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Therapy Resources

Screen time

“Hey, can I play with your phone?” your son asks while you are trying to get settled at home after a busy day.

“Not right now,” you reply, trying to be a patient parent and provide your child time to settle down from the day. 

“AAAGGHHH! THAT’S NOT FAIR, NO ONE EVER LETS ME DO ANYTHING!!!” he screams, as he throws himself on the floor. 

“OK, but just for 30 minutes” you relent, trying to keep the peace in the home as you think to yourself, “Honestly, it will give me time to start dinner.” 

Sound familiar?  This scenario and many others like it, occur in homes every day regarding screen time. “Just 30 minutes” turns into 2 hours as a parent attempts to gain control of his or her current day and prepare for the next. Screen time can be a saving grace as well as the cause of tension in the home. We are blessed to live in a technologically advanced world. However, that technology can also be a curse.  Trying to find the balance between embracing this age of technology yet not letting it consume our time is one of the biggest struggles for families. 

Screen time is defined as any time spent in front of any kind of screen (i.e. phone, iPad, computer, leap frog games, TV, etc…). Despite the American Academy of Pediatrics recommendations on allowable screen time, children under the age of 8 are spending more and more time in front of some sort of technology. Most all of us have read, heard on the news, or seen on the internet that screen time negatively effects behavioral, emotional, physical, and mental development. It’s our job as child care providers and parents to consider these effects and how we want to approach them with the children in our care.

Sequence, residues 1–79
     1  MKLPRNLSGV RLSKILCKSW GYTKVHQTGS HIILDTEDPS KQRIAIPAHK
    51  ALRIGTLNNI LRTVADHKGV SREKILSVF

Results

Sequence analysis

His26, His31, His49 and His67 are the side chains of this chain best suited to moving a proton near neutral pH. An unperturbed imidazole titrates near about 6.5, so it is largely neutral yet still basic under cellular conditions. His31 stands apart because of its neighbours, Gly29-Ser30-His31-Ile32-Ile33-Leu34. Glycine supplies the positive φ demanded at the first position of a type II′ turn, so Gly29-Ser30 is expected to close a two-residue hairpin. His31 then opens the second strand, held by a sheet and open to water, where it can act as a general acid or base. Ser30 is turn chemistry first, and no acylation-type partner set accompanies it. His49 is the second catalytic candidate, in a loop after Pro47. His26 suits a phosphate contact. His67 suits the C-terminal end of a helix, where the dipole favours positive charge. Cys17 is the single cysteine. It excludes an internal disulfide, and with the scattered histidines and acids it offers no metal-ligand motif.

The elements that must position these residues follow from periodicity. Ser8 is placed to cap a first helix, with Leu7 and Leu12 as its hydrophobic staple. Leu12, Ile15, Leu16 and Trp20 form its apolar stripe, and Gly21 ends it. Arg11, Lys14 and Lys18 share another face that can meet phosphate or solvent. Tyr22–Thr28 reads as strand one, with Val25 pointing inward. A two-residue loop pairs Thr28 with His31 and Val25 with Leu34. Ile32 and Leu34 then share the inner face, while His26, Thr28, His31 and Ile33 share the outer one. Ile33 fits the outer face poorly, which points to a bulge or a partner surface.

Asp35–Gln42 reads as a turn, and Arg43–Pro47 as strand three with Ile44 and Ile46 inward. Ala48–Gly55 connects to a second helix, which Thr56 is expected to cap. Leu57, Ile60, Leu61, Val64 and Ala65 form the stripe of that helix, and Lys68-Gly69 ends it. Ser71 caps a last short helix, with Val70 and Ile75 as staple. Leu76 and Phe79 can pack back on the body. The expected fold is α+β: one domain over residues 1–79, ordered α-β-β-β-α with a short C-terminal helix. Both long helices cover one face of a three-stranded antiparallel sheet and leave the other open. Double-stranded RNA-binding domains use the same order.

Children vary in their developmental processes and stages. Some children have no difficulty putting down a game to eat or play outside, but some have tendencies to more addictive and obsessive behaviors in regard to screens. They have difficulty becoming “locked in,” and  their preoccupation with screens continues even when the power button is turned off. It is important that we, as child care professionals, parents, and adults in the lives of children manage screen time according to how the child responds. Those with an increased inclination to becoming “locked in” need disciplined managed screen time. Some questions to ask yourself are:

Does my child become angry, aggressive, withdrawn, locked into another world, requiring a long time to come back into reality following screen time?

  • If “yes,” screen time has a negative effect on the emotional development of your child and his or her ability to self-regulate. Therefore, eliminating screens from your home may be needed.

Does your child perseverate on topics related to what he or she watches on screens? Does he or she talk incessantly or script from movies during stressful, uncertain times during the day? 

  • If “yes,” it’s important to make sure your child is not watching/playing the same movie, TV show, or game over and over again. Take more control of your child’s movie options by keeping all DVDs out of the child’s sight, and only offering a few at a time for the child to choose from.  Try to keep weekly options down to 3-4 choices so the child will not be overwhelmed.  Also, if you find that your child fixates on or is obsessed with one particular video, only offer that as an option every other week.  

Is a screen the only tool in which your child learns? Is it the only time your child will sit still?